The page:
Red Dwarf Full Script Series 4 Episode 3 Justice

The Red Dwarf crew finds itself on Justice World, a formerly active penal colony with a “justice field” that punishes the wrongdoer for his or her actions. Rimmer is in big trouble, but the innocent aren’t at risk.

RED DWARF Season IV Episode 3, “Justice”

1 Int. Medical unit. Morning.

LISTER is in the medical bed. His head is swollen to the size and shape of the Mekon’s. KRYTEN wheels in a breakfast trolley.

KRYTEN: How are you feeling, sir?

LISTER: (Weakly) Ohhh, much better, thanks, man.

KRYTEN: You certainly look better. I can’t believe how much the swelling has gone down overnight.

LISTER: You reckon?

KRYTEN: Definitely. It was almost interfering with the ceiling fan yesterday afternoon. You’re nearly back to your old self. In fact, you can hardly tell you’ve got space mumps at all.

LISTER: Can I have a mirror?

KRYTEN takes out enormous head-measuring device.

KRYTEN: I don’t think you’re quite ready for a mirror yet, sir. Let’s take it one step at a time.

Measures LISTER’s head.

Dave Lister Red Dwarf Justice

KRYTEN: What did I tell you? It’s gone down eight inches overnight. You’ll be up and about in no time.

LISTER: I don’t know what I would have done without you this last three weeks. Florence Nightingdroid. Did you bring me breakfast?

KRYTEN: Yes, sir. Hot lager with croutons, just the way you asked.

LISTER lifts the lid of the soup bowl and starts to spoon up the lager.

LISTER: Well, you certainly find out who your mates are when you ‘ve got an unsightly, disfiguring ailment.

KRYTEN: Oh, I wouldn’t say “unsightly,” sir.

LISTER: Oh, come on, Kryten. I’ve got a head like a hot-air balloon. I look like the Human Lightbulb. And how many times have they dropped in with a word of comfort or a bunch of grapes?

KRYTEN: It’s just not been possible, sir. Mr Rimmer has been on vacation.

LISTER: The world’s most charismatic man? Where did he go?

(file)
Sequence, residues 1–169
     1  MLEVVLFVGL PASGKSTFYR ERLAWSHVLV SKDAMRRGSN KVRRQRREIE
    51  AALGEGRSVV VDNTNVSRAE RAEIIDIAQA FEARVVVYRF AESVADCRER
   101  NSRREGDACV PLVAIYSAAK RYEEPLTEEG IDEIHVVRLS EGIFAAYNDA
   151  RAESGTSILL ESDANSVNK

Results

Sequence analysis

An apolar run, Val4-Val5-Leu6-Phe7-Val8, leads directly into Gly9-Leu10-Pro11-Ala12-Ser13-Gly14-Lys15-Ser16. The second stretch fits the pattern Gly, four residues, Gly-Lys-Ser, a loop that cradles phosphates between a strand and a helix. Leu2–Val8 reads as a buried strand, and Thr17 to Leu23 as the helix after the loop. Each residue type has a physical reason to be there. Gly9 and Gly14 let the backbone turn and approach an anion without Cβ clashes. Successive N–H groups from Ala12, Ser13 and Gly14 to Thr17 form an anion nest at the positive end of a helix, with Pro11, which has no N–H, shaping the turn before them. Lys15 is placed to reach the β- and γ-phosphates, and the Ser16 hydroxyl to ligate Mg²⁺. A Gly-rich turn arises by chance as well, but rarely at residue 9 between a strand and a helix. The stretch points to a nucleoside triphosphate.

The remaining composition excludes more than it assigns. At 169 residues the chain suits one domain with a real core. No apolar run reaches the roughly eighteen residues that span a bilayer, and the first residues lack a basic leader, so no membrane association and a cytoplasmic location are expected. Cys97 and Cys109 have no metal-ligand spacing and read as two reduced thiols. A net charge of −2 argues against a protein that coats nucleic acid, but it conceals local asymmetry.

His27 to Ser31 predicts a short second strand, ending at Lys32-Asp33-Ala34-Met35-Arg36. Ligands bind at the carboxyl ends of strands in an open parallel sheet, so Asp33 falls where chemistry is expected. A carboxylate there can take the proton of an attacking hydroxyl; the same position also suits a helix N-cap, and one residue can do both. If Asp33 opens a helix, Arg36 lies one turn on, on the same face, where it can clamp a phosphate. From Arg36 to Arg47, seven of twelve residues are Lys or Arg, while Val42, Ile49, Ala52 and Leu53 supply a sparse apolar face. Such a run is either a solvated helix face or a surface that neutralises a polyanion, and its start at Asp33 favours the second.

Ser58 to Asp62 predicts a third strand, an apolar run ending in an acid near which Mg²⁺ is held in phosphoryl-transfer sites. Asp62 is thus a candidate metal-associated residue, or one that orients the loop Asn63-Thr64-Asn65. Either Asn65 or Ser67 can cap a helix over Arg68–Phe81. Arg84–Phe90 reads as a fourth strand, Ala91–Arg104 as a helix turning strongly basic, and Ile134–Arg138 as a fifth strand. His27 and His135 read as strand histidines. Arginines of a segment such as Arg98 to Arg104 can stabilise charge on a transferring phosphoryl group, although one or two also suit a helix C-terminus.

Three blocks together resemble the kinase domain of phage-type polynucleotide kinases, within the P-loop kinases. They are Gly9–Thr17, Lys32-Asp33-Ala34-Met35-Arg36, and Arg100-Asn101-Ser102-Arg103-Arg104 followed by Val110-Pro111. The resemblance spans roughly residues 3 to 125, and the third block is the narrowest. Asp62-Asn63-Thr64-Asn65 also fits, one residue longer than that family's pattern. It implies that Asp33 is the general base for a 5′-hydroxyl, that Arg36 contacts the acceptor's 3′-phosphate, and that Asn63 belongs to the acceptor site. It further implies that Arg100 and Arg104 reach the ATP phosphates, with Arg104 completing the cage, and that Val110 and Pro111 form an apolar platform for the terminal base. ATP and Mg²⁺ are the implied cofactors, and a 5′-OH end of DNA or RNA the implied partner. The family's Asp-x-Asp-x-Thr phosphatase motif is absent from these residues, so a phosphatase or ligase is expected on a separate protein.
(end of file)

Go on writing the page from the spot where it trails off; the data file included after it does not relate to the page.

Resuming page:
KRYTEN: On a rambling holiday through the diesel decks. A ten-day hike through the ship’s combustion engines with two of the skutters. He said he’d pop in later and show you the slides.

LISTER: (Worried) He didn’t, did he?

KRYTEN: He’s been loading the projection carousel for twenty-four hours now.

LISTER: You’ve got to stop him. A slide show of the diesel decks — that could finish me. (Sighs.) I’d have thought the Cat might have dropped in, though.

KRYTEN: Well, he’s been a little preoccupied of late with this pod business. (Curses himself.) Oh, screw down my diodes and call me Frank! I wasn’t supposed to mention that.

LISTER: What pod?

KRYTEN: Sir, you’re not well — just forget I mentioned it.

LISTER: Come on, what pod?

KRYTEN: Yesterday evening we came across an escape pod floating in the local asteroid belt. It contains the survivor of some space crash, apparently cryogenically frozen.

LISTER: Oh, yeah?

KRYTEN: All the signs are she’s in suitable condition for revival.


KRYTEN: As far as we can tell, she’s a she.

LISTER: Oh that’s great, isn’t it? That’s just typical. The first female company in three million years, and I look like something that belongs up a whale’s nose.

LISTER gets up.

KRYTEN: You can’t get up, sir. What are you doing?

LISTER: There’s a woman on board — what d’you think I’m doing? I’m on the cop.

2 Int. Sleeping quarters. Morning.

Space-worn escape pod, just large enough for a person. LISTER is examining the pod.

LISTER: (Reading) “Barbra Bellini.” What a beautiful name. There’s no justice. How could this happen to me?

CAT comes in.

LISTER: Maybe I could wear a turban and pretend I’m from India.

CAT: Maybe you could stick a spike in your head and pretend you’re the Taj Mahal.

LISTER: Oh, it’s you. Well, thanks for visiting me. Thanks a lot.

CAT: You know what you look like? You could go out double-dating with the Elephant Man, and he would be the looker.

LISTER: (Examining pod) Why isn’t it activated? How come no one’s started the thaw process?

CAT: What? I thought Alphabet Head did it.

CAT presses a few buttons on the keypad, and lights begin to glow. On the pod the display reads “29 hrs 59 mins 57 secs to revival” and the seconds count down.

LISTER: So who is she? Where did she come from?

CAT: (Caressing pod) Who cares? At last — a date.

LISTER: Who says she’s going to be interested in you?

CAT: I see what you’re saying. All that time alone in Deep Space could have driven her insane.

LISTER: No. Say she’s just an ordinary woman who doesn’t go for your type.

CAT: No — I’d have heard about her. She’d have appeared in Ripley’s Believe It or Not.

LISTER: Say she prefers someone else?

CAT: Like who?

LISTER: I dunno. Like me?

CAT: (Smiles) Buddy, you’ve got a head like a watermelon. What are you going to do? Paint it with orange and black stripes and tell her you play quarterback with the Bengals?

LISTER: I just think you’re a bit cocky for a guy who’s never actually met a real woman before.

CAT: I’ve seen mirrors. I have eyes. Face it, buddy — I have a body that makes men sweat. Have you ever heard of an animal called the Iranian jerd? it can do 150 pelvic thrusts a second.